Using Given-When-Then in sequence is a great reminder for several great test design ideas. It suggests that pre-conditions and post-conditions need to be identified and separated. It suggests that the purpose of the test should be clearly communicated, and that each scenario should check one and only one thing. When there is only one action under test, people are forced to look beyond the mechanics of test execution and really identify a clear purpose.

When used correctly, Given-When-Then helps teams design specifications and checks that are easy to understand and maintain. As tests will be focused on one particular action, they will be less brittle and easier to diagnose and troubleshoot. When the parameters and expectations are clearly separated, it’s easier to evaluate if we need to add more examples, and discover missing cases.

How to make it work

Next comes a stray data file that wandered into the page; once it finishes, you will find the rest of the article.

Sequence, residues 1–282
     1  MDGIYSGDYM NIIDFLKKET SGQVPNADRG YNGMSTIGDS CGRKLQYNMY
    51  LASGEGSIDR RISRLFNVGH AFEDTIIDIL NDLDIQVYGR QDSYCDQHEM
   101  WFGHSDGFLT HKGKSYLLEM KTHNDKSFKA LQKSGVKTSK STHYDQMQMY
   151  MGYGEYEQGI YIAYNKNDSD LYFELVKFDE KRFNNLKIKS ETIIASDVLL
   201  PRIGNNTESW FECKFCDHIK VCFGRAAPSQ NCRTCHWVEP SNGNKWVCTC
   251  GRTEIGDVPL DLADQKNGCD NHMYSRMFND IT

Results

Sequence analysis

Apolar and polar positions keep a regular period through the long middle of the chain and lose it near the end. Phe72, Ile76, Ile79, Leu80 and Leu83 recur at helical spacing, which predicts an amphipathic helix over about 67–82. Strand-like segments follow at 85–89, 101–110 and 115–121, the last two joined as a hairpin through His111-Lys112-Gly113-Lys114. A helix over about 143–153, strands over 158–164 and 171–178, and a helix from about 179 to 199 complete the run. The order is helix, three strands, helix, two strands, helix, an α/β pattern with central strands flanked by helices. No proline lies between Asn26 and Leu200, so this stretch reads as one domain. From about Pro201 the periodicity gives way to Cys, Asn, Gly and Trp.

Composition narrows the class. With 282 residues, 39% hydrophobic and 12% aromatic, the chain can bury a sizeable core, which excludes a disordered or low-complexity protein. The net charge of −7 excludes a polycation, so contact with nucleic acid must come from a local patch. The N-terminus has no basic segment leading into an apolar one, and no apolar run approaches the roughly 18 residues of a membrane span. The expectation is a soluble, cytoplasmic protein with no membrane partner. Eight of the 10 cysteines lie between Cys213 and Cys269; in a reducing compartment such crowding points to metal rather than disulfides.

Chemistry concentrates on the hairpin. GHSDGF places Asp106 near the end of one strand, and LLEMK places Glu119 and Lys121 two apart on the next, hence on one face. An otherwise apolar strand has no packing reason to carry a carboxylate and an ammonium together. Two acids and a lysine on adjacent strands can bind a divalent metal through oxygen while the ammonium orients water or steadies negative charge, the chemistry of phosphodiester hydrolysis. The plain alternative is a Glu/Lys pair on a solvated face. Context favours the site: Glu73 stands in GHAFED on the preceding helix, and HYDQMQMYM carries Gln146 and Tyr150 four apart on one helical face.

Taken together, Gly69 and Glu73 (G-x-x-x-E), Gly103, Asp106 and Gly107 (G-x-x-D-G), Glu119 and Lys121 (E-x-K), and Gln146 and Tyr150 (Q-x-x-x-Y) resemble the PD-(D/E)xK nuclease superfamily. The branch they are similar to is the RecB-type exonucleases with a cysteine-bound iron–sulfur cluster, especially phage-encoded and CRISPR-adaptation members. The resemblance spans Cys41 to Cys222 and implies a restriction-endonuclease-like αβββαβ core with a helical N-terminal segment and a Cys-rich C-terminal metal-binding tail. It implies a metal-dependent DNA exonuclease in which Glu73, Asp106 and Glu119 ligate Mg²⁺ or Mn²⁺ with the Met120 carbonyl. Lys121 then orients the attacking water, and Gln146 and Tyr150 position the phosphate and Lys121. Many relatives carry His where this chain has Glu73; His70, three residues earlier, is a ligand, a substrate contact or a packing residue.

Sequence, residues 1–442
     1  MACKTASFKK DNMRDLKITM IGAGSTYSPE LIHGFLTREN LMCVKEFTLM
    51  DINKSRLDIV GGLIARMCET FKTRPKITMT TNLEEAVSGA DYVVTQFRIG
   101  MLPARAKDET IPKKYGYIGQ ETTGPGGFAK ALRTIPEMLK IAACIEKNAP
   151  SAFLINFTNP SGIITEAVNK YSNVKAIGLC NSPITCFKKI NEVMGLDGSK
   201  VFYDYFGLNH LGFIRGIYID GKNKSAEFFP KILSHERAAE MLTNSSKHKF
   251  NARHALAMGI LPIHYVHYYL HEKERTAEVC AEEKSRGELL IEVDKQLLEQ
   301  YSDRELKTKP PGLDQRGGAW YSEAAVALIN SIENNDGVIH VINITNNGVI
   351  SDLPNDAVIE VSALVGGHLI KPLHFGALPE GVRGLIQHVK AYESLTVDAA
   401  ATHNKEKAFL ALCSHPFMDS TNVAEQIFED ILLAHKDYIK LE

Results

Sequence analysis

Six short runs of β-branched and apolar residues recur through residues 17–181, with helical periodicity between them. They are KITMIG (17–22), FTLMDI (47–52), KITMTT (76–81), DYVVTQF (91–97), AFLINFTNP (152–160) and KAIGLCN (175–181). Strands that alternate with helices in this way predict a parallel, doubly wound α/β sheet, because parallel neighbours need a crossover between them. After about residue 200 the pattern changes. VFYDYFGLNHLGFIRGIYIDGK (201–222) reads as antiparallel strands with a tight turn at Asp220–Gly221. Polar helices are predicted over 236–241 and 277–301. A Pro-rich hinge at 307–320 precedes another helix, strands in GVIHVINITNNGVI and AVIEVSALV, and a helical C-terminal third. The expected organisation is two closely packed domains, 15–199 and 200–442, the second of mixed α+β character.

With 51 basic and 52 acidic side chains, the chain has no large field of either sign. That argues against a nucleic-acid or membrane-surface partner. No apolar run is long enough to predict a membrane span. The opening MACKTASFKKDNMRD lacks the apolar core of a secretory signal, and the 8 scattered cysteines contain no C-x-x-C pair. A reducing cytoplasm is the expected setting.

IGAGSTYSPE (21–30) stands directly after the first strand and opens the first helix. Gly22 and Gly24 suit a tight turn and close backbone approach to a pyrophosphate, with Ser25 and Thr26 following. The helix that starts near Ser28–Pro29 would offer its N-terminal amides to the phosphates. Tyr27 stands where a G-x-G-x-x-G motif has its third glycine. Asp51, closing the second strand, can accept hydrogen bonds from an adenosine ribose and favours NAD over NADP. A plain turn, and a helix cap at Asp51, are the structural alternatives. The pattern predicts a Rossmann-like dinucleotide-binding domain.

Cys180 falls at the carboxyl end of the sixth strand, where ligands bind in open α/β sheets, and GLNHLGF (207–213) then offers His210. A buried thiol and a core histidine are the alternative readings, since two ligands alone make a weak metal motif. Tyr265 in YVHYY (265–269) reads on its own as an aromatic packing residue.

A good trick, that prevents most of accidental misuse of Given-When-Then, is to use past tense for ‘Given’ clauses, present tense for ‘When’ and future tense for ‘Then’. This makes it clear that ‘Given’ statements are preconditions and parameters, and that ‘Then’ statements are postconditions and expectations.

Make ‘Given’ and ‘Then’ passive – they should describe values rather than actions. Make sure ‘When’ is active – it should describe the action under test.

Try having only one ‘When’ statement for each scenario.

Quick Reference: Fifty Quick Ideas To Improve Your User Stories

For teams that need a bit of inspiration during user story refinement workshops, here is a quick reference online mind map with all the ideas from the Fifty Quick Ideas To Improve Your User Stories. The mind map contains a short description and a reminder image for each idea, grouped into categories. Just tap/click a category to open up the details of ideas.

If you like this but you’d prefer something physical rather than electronic, we partnered with DriveThruCards to create a poker-style card deck with all idea summaries. For more info, see drivethrucards.com

Introducing Bug Magnet – an exploratory testing helper

bug magnet I just compiled a bunch of checklists and notes I often use for exploratory testing into a handy Chrome extension. Bug Magnet provides convenient access to common problematic values and edge cases, so you can keep them handy and access them easily during exploratory testing sessions. Just right-click an input field!